Definition: The Yellow Book is the annual publication by the GAO of the Generally Accepted Governmental Auditing Standards. Every year the GAO publishes a book that contains all of its updated rules and standards for conducting audits in the public sector. This book has always featured a bright yellow cover. Rather than calling it the GAO book of GAGAS, people started calling it the Yellow Book. The name has stuck ever since.
What does the yellow book mean?
What is the definition of the yellow book? The Yellow Book is used by CPAs and governmental auditors who audit the Federal government, state governments, and even local governments. The Yellow Book includes audit standards and guidance for both financial and performance audits. The main audit standards addressed in the Yellow Book relate to:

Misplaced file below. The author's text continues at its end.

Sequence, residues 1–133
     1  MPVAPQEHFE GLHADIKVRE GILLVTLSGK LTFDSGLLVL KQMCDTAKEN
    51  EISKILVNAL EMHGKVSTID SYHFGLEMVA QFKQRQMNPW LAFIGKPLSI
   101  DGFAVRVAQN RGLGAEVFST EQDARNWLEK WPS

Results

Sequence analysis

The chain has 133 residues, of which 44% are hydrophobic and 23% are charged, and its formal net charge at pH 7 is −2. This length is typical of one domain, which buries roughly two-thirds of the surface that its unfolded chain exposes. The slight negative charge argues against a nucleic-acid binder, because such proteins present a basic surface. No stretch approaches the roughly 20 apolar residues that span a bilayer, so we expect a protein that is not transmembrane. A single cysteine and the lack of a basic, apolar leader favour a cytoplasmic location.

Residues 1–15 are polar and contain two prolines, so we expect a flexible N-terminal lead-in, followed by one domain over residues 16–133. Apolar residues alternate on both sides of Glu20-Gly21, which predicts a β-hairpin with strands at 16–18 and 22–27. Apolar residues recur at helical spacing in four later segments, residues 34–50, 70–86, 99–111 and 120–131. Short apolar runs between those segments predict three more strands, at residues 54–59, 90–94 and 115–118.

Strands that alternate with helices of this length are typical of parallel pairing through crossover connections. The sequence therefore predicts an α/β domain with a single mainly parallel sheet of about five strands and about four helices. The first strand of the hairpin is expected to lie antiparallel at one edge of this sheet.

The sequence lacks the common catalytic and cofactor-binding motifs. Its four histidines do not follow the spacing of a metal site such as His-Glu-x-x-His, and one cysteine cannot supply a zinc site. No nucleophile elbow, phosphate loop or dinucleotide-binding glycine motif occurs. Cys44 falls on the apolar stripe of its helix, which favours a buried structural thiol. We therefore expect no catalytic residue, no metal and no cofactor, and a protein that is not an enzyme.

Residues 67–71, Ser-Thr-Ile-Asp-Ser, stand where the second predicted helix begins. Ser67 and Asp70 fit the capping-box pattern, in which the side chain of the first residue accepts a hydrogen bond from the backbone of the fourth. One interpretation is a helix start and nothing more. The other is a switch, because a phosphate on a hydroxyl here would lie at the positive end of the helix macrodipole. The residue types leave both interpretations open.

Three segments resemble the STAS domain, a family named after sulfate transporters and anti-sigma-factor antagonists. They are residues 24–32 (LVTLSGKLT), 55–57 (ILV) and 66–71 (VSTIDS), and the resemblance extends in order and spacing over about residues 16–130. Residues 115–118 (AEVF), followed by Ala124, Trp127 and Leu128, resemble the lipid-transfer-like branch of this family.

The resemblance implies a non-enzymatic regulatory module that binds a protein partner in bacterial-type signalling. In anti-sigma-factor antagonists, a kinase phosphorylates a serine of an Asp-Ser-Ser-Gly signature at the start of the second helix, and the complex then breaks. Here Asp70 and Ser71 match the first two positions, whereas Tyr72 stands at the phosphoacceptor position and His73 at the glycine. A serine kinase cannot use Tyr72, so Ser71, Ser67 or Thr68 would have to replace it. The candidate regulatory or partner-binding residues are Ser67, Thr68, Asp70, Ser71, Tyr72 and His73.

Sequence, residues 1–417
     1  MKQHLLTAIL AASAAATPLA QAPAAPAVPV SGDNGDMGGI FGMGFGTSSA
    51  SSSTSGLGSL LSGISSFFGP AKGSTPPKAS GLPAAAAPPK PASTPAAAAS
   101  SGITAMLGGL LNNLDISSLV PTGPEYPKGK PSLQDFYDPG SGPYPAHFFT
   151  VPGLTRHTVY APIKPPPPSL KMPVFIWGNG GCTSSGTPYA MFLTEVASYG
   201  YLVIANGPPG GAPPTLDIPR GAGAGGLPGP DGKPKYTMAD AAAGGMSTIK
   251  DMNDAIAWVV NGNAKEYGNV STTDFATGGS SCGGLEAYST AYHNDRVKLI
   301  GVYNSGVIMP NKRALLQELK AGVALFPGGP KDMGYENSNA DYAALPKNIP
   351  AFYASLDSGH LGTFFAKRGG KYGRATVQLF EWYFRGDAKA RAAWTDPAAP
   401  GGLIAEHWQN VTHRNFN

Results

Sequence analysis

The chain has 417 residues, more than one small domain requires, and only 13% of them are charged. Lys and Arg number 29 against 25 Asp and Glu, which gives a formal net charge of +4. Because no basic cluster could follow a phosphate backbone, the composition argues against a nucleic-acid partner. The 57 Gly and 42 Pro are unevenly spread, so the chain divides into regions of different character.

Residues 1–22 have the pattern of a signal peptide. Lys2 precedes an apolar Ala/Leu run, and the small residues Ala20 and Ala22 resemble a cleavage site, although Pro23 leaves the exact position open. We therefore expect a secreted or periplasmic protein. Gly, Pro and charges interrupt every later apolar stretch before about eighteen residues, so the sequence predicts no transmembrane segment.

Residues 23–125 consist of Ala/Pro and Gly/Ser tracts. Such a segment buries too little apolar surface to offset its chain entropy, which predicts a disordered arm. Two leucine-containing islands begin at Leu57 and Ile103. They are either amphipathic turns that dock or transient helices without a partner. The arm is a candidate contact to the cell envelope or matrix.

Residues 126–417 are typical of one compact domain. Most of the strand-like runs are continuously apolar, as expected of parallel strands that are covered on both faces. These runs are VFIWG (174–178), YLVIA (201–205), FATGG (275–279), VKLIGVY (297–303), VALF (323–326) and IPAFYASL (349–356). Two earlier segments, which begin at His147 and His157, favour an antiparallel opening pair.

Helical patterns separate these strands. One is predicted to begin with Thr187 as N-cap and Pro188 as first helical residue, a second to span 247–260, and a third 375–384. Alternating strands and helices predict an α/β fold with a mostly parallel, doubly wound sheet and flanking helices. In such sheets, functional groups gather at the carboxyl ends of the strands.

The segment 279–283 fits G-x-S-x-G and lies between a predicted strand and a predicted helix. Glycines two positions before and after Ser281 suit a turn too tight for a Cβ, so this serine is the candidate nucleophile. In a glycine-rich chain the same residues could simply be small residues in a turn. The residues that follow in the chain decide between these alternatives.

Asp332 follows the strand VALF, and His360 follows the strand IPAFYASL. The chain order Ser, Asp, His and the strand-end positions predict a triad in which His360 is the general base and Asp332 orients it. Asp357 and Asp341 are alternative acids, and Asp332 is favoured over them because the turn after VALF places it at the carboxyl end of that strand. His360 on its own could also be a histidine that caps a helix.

- Due Care
- Continuing Professional Education (CPE)
- Quality Control
Let’s look at some examples.
In the US, GAAP or Generally Accepted Accounting Principles are the standards of accounting for all public companies with some international standard exceptions. GAAP is established and created by the FASB or the Financial Accounting Standards Board.
Auditing standards in the US are set by the ASB or the Auditing Standards Board. These standards set the professional expectations for auditors while auditing companies in the private sector. ASB does not create auditing standards for the public sector like government bodies.
Accounting standards for the public sector are created by the GAO or the Government Accountability Office. The standards that the GAO creates are commonly referred to as the GAGAS or Generally Accepted Governmental Auditing Standards.
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